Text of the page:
Guest Post: "Clarity"

Hello! Before the essay begins - happy Trans Visibility Day! This is a letter from a dear friend of mine. At their request, this post is anonymous.  Please respect their wishes and do not ask who wrote the post.

While being able to come out and be visible is a privilege that not all of us under the LGBTQIA+ umbrella have, due to safety or personal reasons - I wanted to grant my friend some visibility today. Thank you again for sharing your story.

(Photo of Firewalker, taken by Zeltzin Vazquez)

The story of my first hardcore show and how I became involved with the scene is probably very familiar to most people reading this. I was a young, frustrated social outcast without many friends, when either serendipity or fate introduced me to someone a lot like myself who brought me to my first show. I was introduced to something I didn’t think existed, but desperately needed. Hardcore immediately became more than an outlet for me - it was my identity. It was my lifestyle. I began to gear my entire life around
it. And, like many other people, it felt like an escape, a place to disappear from school, my parents, and most importantly, myself.

Something that I knew innately about myself, but at that time completely refused to acknowledge, is that I am a trans woman. During my childhood I had wished that I was a girl, but I didn’t have a concept that would be possible to do anything about it. What I did understand was that having these feelings was something that I should not express, and that doing so would be shameful and humiliating for both myself and my parents.

As I got to the beginning of high school, these feelings became a source of stress and anxiety that could lie dormant for months at a time before swelling and dominating the front of my mind, for periods that were both painful and terrifying. I was always afraid that somebody could figure it out, that I could be exposed. This was coupled with a yearning for the people around me to learn the truth. I lived under a facade that was painful to maintain. I don’t enjoy pretending or hiding. It hurt me to lie to other people and it hurt me to lie to myself. This combination made me bitter, resentful and angry as a kid. Hardcore gave me more than just an outlet for these feelings, it gave me a place where I could be accepted as that person. Being in a place where I felt like I could be understood rather than questioned is a luxury I don’t think many fifteen year-olds were fortunate enough to have.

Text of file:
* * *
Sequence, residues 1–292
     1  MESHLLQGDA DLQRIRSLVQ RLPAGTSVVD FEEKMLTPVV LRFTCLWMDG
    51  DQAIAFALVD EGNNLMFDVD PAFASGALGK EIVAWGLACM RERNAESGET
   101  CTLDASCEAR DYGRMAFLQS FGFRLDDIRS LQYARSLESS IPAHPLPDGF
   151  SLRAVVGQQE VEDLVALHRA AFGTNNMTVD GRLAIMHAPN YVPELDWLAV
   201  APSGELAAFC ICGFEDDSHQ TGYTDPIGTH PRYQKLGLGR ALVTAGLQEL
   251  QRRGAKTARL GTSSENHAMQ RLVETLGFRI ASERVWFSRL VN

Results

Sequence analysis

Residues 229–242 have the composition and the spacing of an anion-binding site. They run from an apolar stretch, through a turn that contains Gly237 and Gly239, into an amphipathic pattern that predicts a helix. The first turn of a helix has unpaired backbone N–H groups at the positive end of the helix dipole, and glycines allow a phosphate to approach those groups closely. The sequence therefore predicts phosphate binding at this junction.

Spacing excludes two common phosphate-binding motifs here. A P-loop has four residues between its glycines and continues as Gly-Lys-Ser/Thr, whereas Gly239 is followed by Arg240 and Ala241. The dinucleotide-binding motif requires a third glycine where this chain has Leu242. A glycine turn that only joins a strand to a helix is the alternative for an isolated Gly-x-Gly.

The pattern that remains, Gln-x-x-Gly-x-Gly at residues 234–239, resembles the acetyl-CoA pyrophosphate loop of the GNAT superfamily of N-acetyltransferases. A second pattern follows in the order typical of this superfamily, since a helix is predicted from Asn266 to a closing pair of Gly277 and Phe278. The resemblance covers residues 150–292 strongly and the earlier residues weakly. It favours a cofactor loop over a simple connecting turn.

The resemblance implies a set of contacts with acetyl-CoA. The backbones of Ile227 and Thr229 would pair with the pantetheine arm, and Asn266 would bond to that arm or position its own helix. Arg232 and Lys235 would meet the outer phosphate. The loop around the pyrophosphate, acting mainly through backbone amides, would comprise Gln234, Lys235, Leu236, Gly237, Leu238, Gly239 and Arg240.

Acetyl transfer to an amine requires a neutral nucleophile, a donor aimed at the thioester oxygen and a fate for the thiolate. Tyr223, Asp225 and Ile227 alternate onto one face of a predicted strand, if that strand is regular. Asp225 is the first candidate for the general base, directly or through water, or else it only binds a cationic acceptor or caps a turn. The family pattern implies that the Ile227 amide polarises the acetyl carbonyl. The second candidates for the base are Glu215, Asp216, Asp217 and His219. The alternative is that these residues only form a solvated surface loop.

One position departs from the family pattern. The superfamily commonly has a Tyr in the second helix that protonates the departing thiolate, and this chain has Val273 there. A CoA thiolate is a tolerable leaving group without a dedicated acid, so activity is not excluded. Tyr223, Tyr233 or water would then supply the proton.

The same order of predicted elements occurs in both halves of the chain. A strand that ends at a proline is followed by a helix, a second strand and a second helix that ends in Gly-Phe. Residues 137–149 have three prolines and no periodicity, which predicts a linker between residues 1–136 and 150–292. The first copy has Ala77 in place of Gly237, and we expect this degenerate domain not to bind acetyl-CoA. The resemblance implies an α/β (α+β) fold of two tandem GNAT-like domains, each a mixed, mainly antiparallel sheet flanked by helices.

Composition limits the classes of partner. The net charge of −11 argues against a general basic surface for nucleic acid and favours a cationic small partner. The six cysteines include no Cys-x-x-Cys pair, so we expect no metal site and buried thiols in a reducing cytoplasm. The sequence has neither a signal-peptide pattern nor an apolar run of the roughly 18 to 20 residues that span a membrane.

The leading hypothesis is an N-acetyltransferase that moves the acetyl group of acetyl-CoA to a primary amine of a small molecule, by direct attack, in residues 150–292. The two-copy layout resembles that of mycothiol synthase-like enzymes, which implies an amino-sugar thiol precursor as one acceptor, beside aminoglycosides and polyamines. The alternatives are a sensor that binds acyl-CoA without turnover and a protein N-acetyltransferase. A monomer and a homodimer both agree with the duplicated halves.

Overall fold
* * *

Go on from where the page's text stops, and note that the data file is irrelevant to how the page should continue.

“For twenty precious minutes, there was no mask, no fear and no front.”

Something incredible would happen back then when I would go to a show. Amongst the stage-divers landing on each other’s heads, massive pile-ons that would topple to the floor, and nonstop moshing, amongst the chaos, catharsis and raw energy. I would feel soaring, nauseating moments of clarity. For twenty precious minutes, there was no mask, no fear and no front. Only what was directly in front of me, a room full of people lost in something bigger than themselves and a chance for me to be lost with them. I’ve never felt more like myself than at the bottom of a pile of bodies, screaming the same words with the same desperation.

A lot of time has passed since then. I’ve made a lot of progress towards accepting myself. When I was younger, I always hoped that the truth of who I am would go away when I got older. It hasn’t, and it won’t. When I was 21,  I came out to someone for the first time. Maybe someday I’ll come out to the whole world. I really hope I can. Until then, I’ll have twenty minutes every couple weeks. And I can’t tell any of the bands, the promoters, or anyone else who just shows up to make it possible how thankful I am to have them.


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